Planning For The Future


Summer seems to have raced on by and rather than trying to figure out where it went, I guess we will turn our focus onto the fall. Seems only fitting as my pastures have dried to the point where I need to feed hay, which usually isn’t until fall.

For many of us, fall is very busy but also a very rewarding time of year. That being said, it is never too early to start planning for fall. Which summer work hasn’t been done that needs to be done? How do the hay supplies for winter look? What in the hell am I going to do  with  this  year’s  calves?!

Thankfully, the Minnesota Bison Association is moving full steam ahead with planning the annual Legend’s of the Fall show and sale. I hope everyone can use this great tool to market some of their livestock.

The auction committee has had some great conversations as to how to increase the value to the seller. It seems the consensus is that the quality of the animal consigned will determine the price paid within the parameters the market will allow—i.e. better quality brings better pricing. Quality may be subjective, as my favorite animal may be your least favorite. However, meat seems to be the backbone   of   our   industry.

Therefore, a bigger, faster growing animal is going to be more sought after.

With current feed prices, the guys feeding animals for meat production are going to have to be more selective of where they spend their money. Margins are extremely tight if not negative. Feeders are forced to buy animals who will perform. If you are selling animals into the feedlots, I suggest doing the best you can to bring the best animals to town. The best way to do this is to boost the health and weight of the animal.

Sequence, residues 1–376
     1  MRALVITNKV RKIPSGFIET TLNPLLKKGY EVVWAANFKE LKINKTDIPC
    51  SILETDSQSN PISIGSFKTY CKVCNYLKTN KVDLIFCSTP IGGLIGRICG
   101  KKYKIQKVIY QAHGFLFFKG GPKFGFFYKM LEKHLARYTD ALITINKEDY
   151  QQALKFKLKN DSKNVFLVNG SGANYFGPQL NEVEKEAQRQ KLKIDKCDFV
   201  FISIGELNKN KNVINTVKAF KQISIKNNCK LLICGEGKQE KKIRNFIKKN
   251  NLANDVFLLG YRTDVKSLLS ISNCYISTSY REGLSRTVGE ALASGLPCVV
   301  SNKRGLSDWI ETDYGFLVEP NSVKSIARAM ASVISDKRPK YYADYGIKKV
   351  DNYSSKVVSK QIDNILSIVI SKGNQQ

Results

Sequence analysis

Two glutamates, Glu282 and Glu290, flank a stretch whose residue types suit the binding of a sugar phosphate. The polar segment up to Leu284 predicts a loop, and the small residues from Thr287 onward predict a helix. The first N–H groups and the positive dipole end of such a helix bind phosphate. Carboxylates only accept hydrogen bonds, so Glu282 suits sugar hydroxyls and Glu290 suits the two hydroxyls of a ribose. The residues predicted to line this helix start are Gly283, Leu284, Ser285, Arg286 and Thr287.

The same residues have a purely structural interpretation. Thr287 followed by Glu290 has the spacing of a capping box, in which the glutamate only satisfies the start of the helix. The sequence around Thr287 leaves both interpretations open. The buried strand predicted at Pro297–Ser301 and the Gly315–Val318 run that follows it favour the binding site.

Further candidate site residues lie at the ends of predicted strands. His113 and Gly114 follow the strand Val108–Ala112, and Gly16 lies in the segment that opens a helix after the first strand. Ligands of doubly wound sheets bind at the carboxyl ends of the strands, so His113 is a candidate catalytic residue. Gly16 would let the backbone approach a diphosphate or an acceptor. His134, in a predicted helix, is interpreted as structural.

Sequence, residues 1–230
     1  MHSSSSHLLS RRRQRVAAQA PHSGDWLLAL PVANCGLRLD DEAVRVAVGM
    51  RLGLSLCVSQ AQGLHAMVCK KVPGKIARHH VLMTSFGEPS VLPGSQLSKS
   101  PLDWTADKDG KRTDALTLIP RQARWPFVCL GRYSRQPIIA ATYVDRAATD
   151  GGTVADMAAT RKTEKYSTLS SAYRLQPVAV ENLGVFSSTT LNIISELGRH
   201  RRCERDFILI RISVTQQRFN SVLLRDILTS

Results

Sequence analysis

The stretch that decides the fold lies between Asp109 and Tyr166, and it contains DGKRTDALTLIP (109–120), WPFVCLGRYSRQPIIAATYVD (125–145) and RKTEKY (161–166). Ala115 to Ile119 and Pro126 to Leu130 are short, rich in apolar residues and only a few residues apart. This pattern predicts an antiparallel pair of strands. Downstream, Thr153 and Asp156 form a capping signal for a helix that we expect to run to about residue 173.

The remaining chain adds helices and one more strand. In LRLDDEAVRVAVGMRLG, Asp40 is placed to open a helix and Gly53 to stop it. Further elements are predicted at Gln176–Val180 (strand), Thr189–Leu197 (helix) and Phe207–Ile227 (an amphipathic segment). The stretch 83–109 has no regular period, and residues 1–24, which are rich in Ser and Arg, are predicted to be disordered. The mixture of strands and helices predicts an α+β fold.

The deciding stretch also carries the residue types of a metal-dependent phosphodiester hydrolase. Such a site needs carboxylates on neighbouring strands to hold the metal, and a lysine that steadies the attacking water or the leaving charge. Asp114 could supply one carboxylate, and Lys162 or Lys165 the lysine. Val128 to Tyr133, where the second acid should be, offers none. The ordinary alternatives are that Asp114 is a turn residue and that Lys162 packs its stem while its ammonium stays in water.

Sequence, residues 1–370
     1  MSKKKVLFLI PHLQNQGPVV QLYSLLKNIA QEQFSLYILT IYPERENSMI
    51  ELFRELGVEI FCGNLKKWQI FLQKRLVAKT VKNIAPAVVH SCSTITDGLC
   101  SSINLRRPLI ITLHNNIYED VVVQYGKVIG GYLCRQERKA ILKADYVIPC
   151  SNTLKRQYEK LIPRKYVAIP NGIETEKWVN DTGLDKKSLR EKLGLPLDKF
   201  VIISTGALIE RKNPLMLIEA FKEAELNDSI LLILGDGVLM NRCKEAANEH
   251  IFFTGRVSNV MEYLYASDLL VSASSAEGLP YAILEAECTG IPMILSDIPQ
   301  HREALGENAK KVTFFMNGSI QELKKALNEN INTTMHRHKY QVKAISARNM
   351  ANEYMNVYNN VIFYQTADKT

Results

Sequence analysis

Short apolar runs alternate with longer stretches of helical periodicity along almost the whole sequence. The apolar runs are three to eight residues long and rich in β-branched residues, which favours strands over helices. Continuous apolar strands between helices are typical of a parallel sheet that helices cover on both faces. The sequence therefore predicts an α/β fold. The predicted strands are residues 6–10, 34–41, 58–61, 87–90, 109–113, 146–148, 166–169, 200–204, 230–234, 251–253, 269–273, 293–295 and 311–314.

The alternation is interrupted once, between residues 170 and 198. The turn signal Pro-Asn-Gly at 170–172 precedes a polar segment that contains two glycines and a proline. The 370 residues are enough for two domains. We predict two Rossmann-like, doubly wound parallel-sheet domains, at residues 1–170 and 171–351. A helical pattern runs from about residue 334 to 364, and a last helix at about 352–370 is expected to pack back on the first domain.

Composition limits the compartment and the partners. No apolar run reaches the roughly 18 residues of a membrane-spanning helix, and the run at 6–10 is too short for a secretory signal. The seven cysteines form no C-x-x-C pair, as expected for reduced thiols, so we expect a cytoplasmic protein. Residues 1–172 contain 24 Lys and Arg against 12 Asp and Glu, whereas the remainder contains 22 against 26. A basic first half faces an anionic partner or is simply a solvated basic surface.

I have had some good success in creep feeding my calves. I use a protein pellet on a self-feeder, but something simple like oats or a higher protein hay can help increase the weight and overall health of your calves. Feed lots purchasing calves will be willing to pay a little more if they know the calf is already adjusted to some form of feed and has already dealt with the stress of leaving mom. Often times these things will be visible when looking at the calf brought to town. However, weaning dates and diet are great in- formation to include on your sale post. Don’t forget about mineral source. Providing adequate mineral is huge in the health and growth to all bison.

Genetics will play a huge role in the quality of the animals you offer. It’s likely too late to improve the ge- netic makeup of your herd to capitalize on this year’s sale season. However, it is the best time to make those improvements going forward. With high feed prices and a surplus of meat animals, it’s a great time to make a long-term investment on some quality breeding stock.

I will be continuing to assist in the planning of the fall action as well as the annual spring conference. Please contact me if you have any questions, or if you have suggestions about what you wish to see at either of these two great events!

Jake Meyer